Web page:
The article was titled, "Reducing the One to the Other: Kant, Levinas, and the Problem of Religious Experience," by Anthony J. Steinbock (published in Levinas Studies: An Annual Review, Vol. 4). While admitting that on most points Kant and Levinas are far apart, Steinbock writes,
There is a troubling point that connects these profoundly different thinkers: the ambiguous place of religious experience and its relation to the sphere of ethics. In fact, in addition to reducing the religious to the ethical, they both disavow the very kind of experience that could bring clarity to the issue of religious experience, namely, mystical experiencing.
This is what I've been trying to say for a couple of years now. "Your" philosophy, however postmodern and anti-philosophical it tries to be, is not accommodating my personal experience, and as a result, I do not find what you're saying persuasive. It's not that I think that the Face of the Other is not a source for realizing divinity -- only that it's not the only source. Steinbock differentiates, as I do, between what he calls "ecclesiastical faith" and revelatory (or "pure") faith. Because the former may be regarded as an object, and subjected to philosophy's ways of knowing, we mystics do not object to criticism of historical religion. But personal/revelatory/experiential religious experience must remain mysterious to those who have not themselves undergone the experience. And in light of this mystery, the philosopher (Levinas, Kant, etc.) must not arbitrarily limit the ways in which I experience the divine.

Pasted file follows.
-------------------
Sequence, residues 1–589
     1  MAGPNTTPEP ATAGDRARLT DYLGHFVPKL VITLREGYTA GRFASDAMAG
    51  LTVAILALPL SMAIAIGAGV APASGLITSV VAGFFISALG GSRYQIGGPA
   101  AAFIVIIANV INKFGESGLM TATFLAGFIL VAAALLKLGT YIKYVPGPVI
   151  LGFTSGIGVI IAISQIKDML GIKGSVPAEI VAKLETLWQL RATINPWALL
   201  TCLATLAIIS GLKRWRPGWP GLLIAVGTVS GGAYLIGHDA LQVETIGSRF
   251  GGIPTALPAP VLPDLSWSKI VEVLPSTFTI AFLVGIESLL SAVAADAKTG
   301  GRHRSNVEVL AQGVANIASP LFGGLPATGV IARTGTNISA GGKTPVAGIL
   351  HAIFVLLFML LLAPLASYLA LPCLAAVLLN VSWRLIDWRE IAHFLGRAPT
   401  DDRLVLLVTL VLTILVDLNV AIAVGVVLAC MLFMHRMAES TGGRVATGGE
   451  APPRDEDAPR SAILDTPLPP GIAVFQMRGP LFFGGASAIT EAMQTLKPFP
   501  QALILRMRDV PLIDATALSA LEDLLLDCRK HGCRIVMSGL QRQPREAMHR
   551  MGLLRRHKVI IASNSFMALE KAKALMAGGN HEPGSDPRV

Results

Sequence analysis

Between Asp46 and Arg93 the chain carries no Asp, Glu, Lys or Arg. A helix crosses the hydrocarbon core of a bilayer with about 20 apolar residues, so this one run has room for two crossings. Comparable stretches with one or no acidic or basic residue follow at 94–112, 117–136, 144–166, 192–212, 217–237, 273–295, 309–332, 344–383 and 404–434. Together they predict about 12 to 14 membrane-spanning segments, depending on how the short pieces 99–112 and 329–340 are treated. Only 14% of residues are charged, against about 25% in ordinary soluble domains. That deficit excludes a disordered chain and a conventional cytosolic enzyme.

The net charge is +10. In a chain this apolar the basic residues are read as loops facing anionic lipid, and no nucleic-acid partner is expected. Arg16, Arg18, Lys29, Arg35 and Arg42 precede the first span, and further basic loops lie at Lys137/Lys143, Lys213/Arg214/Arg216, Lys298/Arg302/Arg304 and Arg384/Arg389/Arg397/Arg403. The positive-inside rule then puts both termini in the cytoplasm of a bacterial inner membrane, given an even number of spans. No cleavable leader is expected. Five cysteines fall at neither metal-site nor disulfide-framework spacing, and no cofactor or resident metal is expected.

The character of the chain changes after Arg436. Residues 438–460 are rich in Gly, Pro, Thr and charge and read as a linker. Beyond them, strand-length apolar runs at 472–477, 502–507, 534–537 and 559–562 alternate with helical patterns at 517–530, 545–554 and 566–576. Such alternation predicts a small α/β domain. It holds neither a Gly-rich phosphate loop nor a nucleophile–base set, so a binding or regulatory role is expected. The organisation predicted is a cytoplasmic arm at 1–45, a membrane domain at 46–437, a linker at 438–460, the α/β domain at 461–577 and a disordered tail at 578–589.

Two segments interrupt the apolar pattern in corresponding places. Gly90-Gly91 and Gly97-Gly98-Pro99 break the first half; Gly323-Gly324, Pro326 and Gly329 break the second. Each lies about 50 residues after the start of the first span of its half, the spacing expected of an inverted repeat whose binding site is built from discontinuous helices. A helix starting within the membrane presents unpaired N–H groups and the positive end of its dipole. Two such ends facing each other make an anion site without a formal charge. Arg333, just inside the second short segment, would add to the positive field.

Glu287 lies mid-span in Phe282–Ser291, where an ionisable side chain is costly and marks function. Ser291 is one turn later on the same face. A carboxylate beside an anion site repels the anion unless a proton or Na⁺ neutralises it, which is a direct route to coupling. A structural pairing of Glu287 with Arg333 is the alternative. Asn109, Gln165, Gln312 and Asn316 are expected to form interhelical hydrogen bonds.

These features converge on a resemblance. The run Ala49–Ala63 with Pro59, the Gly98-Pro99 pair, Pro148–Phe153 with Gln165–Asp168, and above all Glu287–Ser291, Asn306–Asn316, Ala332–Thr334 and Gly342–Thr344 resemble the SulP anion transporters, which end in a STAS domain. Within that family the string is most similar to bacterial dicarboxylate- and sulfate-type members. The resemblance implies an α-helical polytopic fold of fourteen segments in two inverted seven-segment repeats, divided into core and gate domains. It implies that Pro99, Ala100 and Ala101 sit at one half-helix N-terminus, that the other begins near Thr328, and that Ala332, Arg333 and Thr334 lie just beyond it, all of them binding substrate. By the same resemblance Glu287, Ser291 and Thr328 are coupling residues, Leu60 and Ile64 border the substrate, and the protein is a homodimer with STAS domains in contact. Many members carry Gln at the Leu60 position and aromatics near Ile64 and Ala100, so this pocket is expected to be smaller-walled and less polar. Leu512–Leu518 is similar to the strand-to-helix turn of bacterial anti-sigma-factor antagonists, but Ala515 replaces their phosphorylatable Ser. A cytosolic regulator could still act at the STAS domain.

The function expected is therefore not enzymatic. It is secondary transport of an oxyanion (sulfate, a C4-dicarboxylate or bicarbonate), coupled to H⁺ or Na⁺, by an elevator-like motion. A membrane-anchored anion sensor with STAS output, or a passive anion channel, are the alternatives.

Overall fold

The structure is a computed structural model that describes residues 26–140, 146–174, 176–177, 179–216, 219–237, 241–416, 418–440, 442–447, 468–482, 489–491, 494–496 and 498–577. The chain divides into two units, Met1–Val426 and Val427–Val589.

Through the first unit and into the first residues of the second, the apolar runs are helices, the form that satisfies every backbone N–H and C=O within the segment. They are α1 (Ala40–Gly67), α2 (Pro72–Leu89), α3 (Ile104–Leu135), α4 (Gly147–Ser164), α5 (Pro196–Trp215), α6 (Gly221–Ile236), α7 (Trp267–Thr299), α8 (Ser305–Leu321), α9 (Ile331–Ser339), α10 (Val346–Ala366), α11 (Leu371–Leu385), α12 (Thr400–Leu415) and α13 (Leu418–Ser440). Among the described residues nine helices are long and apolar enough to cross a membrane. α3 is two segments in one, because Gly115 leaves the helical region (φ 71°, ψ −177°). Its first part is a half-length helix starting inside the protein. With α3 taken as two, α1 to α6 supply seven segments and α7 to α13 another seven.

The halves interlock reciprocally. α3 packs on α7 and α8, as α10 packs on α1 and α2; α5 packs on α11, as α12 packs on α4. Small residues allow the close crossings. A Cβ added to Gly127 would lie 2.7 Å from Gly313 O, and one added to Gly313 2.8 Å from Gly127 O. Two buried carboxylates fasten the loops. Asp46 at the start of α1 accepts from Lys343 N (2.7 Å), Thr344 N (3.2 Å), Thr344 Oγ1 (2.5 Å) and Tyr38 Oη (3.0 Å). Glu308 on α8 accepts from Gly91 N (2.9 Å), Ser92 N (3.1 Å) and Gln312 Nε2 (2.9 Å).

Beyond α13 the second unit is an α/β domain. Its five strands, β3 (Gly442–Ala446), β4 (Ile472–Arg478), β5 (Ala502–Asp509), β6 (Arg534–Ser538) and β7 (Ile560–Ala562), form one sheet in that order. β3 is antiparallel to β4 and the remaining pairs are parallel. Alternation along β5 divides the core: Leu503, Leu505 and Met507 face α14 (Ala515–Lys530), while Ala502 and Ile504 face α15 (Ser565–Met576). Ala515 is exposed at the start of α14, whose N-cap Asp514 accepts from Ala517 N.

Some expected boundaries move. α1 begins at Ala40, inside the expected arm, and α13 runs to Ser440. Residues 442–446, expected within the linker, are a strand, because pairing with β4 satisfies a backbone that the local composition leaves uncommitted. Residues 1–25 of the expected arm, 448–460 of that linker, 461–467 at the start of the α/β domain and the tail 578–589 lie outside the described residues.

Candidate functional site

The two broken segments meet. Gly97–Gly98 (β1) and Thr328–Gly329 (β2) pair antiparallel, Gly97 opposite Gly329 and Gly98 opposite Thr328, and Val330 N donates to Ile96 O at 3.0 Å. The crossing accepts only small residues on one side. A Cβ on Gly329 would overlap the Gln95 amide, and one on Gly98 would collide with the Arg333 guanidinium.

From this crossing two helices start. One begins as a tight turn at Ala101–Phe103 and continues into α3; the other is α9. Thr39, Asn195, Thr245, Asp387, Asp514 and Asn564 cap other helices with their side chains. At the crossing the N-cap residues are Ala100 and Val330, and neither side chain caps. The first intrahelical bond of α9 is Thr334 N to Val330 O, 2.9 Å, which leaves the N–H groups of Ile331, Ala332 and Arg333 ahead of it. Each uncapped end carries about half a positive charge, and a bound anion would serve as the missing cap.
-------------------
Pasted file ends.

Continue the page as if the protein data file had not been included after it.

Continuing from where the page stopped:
Anyway, if you've been one to write-off mystical experience, and you're into Levinas, give the article a once-over for me.